|Art I Heart|
Share the art you love from your walls, a birthday card, what your child drew at school, that you saw in The National Gallery in London...
1. Choose one piece of art that has a short personal story behind it. It could be something on your wall, something you've seen in a gallery and love, homedrawn, on a postcard, on a birthday card, something by Degas or something by your DS.
2. Take a photograph, scan or download a picture of your picture and post it along with the short story about why you are drawn to it, have it on your wall, bought it, or hate it. Don't forget to link back to the linky so your readers can see the other entries.
3. Link up (it's open till next Thursday, 4pm GMT), leave a comment, et voila!
My Grandfather had an enormous square diningroom table that you could expand using a crank to unwind the screws that held it together. The legs are on castors and with the two extra leaves added, it can seat up to 14 people. He bought it second-hand probably in the 1930s but definitely had it by the 1950s. For as long as I knew it in his house, it had this painting of Rabbis Learning hanging above it. When Grandpa died and his wife moved to a small flat, we inheritted the table. My Aunt had no room for the table in her house but she wanted the painting. Without hesitation my mother informed her (with the necessary authoritative tone of voice) that the picture goes with the table. Funnily enough, when my parents down-sized and had no room for the table, my mother had no difficulty in separating the table (which went to my sister) and the painting (which they kept).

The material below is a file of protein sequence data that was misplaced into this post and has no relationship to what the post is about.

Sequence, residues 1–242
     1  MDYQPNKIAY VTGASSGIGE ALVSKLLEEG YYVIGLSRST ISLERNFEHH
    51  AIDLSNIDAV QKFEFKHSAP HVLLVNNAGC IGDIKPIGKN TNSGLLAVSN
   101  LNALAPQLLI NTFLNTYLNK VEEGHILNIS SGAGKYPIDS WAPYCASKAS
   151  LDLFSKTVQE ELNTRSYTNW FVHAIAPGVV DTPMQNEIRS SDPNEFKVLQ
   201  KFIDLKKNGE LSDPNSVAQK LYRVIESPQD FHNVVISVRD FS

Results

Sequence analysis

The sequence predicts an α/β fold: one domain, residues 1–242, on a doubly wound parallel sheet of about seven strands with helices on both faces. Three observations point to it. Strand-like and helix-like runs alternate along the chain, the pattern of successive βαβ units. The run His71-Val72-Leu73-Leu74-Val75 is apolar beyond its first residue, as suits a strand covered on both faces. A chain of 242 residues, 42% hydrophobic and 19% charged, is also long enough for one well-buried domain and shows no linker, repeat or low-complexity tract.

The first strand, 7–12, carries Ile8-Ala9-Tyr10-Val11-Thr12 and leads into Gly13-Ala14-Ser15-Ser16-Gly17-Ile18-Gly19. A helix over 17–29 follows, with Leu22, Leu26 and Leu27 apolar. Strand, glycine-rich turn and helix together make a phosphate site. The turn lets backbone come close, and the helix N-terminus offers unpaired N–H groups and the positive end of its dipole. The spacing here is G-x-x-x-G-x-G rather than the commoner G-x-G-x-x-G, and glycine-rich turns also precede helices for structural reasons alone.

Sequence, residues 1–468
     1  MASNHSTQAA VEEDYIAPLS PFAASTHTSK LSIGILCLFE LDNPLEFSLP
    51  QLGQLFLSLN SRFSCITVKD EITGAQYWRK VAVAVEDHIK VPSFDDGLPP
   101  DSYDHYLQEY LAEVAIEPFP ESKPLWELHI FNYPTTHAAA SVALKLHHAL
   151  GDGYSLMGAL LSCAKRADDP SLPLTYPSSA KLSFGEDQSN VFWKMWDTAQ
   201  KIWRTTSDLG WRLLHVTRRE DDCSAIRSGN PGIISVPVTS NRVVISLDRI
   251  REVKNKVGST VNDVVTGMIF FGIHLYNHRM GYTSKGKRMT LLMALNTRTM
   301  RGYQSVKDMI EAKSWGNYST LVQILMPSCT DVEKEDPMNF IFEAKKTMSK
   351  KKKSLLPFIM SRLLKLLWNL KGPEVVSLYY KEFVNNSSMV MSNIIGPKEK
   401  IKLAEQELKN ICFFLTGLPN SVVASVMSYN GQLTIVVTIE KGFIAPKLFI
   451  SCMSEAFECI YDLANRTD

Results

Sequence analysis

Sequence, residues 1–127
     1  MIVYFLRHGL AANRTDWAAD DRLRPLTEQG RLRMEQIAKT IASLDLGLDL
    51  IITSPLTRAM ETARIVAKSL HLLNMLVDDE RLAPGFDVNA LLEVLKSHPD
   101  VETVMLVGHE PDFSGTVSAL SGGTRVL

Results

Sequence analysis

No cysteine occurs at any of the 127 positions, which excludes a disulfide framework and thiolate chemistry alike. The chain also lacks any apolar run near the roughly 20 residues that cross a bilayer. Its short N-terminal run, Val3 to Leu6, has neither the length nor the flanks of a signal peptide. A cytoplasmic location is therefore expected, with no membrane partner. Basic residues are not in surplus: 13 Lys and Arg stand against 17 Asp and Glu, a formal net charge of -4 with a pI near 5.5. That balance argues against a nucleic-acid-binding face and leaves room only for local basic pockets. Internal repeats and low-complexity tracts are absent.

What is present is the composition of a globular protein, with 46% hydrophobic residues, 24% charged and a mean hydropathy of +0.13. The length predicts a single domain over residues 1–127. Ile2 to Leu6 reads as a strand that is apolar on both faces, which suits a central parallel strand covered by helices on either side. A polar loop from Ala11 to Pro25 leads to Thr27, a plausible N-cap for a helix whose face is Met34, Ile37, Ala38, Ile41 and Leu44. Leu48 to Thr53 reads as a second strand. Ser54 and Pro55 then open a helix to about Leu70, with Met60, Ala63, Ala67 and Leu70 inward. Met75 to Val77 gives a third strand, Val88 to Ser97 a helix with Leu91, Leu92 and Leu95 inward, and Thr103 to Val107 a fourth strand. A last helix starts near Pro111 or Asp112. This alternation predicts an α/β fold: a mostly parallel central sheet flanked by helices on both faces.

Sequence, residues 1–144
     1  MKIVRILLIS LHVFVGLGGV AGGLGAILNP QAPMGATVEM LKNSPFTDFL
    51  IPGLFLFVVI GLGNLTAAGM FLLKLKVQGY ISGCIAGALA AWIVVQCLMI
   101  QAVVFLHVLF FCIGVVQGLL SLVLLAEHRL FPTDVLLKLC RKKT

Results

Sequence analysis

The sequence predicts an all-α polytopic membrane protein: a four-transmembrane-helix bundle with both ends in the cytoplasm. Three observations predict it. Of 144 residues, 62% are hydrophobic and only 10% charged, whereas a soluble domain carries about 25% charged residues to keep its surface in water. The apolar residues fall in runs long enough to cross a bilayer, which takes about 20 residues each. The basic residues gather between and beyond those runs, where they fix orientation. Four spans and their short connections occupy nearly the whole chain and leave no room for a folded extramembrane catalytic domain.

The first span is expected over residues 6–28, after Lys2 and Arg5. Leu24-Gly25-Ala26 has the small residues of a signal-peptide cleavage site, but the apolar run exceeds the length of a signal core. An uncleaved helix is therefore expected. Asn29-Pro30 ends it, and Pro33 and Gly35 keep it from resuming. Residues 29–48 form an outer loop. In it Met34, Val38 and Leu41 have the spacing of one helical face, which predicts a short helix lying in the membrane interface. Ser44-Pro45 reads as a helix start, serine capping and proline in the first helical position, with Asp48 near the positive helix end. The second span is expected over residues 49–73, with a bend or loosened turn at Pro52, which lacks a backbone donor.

The picture itself is apparently quite famous with numerous reproductions in varying compositions and with varying backgrounds. Ours is signed but I'm sure it is not the original. It's also difficult to see exactly what the signature is: S. Leyon? Leijons? Lejons? Leyons? I've googled it and found other reproductions of the same painting but no information about the original. If anyone can help me on this I'd be very grateful.
Grandpa used to tell me a whole story about what each of the rabbis was thinking and saying - with voices for each character. If I were to choose a painting that most reminds me of my childhood, this would be the one.